My dissertation, which explores how sketchbooks are collected and accessed, is, perhaps, at the midpoint – I have discovered much already and yet the real findings are still to come. But I have known for a long time how a sketchbook can be a revealing insight into the world of its creator.
Until now, though, this knowledge has come through being allowed to hold and look through the books of my peers, usually other friends who are artists. What is in a sketchbook can be intensely personal (the private/public element of them is an interesting area) and so we only get to see what its creator is prepared to reveal. And there is always the hint that what may be most enlightening is what isn't being shared.
But when the artist dies and the books find their way into an archive, what then? In the past few weeks I have been visiting institutions to see sketchbooks in their final home. From being the object left in dirty corners of the studio and stuffed into rucksacks for journeys around the globe, here they are, wrapped, supported and cared for, and viewed with lashings of hindsight.
The entry to the Prints and Drawings study room at the British Museum, the home of the nation's drawing collection, is hidden behind a big Michelangelo in Room 90. I have been reading Richard Knott's The Sketchbook War: Saving the Nation's Artists in World War II (The History Press, 2013), which tells the story of nine war artists, including the illustrator Edward Ardizzone. A sketchbook of his from the post-war years is in the museum's collection. Its pages, instead of containing drawings of bomb sites and Blitz scenes, includes pages of sunbathers from Ardizzone's more peaceful travels to the sun in south of France in the 1950s.
In this environment, the books are tangible – they can be held, and the pages turned – but they are fragile, worn in places, and there are signs of restoration in places. They have passed into another state from the time when they were live and incomplete and still in the hands of the artist. While Ardizzone's book contains little written content, another, by the British painter Roger Hilton, has. It starts in January 1946 with diary entries and new year resolutions alongside the drawings, and so the personal comes even more alive. In later years, when he was bedridden and alcoholic, the notes and drawings he left for his wife, the painter Rose Hilton, were published (Night Letters, Newlyn Orion Galleries, 1980) and make a sometimes painful read. The 1946 sketchbook is equally opinionated and direct, yet more sober, mercifully. And his drawings in biro reveal an informal attitude to capturing ideas.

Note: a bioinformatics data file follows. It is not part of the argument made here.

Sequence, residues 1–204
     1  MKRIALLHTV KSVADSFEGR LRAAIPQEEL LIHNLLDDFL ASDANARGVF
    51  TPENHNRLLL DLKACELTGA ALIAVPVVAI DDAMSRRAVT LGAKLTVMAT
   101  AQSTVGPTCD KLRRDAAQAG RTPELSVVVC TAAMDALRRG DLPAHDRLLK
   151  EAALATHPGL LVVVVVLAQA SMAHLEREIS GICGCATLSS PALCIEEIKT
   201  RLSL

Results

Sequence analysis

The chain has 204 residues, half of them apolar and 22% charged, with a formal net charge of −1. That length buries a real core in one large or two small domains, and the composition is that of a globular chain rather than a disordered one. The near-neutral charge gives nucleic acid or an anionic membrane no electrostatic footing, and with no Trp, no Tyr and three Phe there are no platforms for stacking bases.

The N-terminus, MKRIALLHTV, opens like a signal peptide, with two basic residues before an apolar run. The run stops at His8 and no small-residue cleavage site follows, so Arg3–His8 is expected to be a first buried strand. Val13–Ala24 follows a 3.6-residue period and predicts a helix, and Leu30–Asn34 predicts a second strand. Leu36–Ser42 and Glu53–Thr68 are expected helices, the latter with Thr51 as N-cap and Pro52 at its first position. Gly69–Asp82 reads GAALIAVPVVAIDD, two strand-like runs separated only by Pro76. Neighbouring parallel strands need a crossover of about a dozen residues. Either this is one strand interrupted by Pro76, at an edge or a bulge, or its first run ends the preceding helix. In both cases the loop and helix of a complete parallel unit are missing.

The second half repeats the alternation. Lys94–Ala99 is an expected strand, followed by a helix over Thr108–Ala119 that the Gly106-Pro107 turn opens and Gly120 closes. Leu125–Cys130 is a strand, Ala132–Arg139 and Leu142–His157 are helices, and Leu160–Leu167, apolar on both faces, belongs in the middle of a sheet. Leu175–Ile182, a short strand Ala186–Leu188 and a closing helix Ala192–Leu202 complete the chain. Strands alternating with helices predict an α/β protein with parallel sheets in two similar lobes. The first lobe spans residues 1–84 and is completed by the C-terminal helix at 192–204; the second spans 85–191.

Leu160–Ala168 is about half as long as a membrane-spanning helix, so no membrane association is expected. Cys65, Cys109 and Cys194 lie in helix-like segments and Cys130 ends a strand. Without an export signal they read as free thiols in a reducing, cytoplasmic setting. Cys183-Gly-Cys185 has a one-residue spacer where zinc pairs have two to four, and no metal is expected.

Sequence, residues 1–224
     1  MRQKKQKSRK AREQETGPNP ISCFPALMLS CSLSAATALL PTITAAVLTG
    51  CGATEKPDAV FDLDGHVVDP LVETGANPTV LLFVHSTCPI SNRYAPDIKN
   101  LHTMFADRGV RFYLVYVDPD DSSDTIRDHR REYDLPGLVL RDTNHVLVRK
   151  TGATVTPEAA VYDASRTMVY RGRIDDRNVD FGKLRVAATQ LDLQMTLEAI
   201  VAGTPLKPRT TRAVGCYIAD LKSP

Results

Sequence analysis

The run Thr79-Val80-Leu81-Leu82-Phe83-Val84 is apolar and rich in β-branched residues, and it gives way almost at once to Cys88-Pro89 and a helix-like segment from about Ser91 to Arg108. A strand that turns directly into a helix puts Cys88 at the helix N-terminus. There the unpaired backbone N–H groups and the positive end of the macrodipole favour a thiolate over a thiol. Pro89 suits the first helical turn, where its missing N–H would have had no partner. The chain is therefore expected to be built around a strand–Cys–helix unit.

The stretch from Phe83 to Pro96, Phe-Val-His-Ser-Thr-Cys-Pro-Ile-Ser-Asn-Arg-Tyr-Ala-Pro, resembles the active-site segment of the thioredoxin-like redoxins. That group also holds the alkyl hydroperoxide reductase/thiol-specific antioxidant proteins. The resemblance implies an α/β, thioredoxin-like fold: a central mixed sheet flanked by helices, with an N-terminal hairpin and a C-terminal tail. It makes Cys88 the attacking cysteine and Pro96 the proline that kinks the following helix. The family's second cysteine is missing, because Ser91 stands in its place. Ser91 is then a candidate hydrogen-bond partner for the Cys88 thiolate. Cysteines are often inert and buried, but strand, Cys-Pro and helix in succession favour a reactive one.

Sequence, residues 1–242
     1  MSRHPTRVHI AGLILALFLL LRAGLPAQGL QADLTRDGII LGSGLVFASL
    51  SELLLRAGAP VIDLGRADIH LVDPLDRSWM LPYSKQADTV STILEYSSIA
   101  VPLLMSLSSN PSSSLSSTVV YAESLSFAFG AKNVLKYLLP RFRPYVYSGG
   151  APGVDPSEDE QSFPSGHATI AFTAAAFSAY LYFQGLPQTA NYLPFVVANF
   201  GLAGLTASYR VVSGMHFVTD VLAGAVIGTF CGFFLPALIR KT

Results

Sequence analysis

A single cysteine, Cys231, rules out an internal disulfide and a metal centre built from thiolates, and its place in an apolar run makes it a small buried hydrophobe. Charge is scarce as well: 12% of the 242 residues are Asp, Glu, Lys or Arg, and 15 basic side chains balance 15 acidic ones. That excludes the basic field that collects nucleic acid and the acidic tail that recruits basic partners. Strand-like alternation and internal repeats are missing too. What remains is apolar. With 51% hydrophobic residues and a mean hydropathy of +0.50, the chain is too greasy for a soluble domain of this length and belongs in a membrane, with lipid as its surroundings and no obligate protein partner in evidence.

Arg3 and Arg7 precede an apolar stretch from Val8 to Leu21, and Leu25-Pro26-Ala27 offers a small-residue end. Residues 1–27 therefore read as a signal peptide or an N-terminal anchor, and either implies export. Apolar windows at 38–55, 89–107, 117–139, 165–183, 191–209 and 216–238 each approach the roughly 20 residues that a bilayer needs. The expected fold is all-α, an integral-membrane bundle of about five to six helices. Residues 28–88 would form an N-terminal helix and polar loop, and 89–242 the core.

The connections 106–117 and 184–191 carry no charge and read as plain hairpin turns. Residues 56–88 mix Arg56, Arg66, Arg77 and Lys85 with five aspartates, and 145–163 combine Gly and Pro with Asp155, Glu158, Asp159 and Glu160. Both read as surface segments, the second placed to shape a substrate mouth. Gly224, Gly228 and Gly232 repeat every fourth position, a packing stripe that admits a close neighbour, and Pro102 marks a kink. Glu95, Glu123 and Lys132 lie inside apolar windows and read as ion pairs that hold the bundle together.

Neither of the artists who filled these books appear to have had posterity in mind at the time of their making. Another visit, to the British Film Institute's archive, to see the filmmaker Derek Jarman's sketchbooks suggest that he recognised that he was making beautiful objects that would be of interest long after what turned into his much-too-early death. The books of notes, plans, sketches, collages and photographs are mainly the same brand and 30x30cm format so that they sit and look well together, and follow themes that relate to the projects he was working at any one time. (A surprising number of artists simply grab the sketchbook with blank pages that is nearest to them to draw in, so that eventually they may contain drawings that span decades.) Jarman's books were no doubt central to his work – he had them with him as filming proceeded – but he appears to have made them as beautiful objects that would be appreciated long after he had gone, and that isn't always the case with sketchbook users.
Meanwhile my survey, sent to UK institutions that hold sketchbooks to find out more about the way they are collected and accessed, is getting responses. It's hard to describe the satisfaction of getting each new completed questionnaire. Thanks to everyone who has responded to it.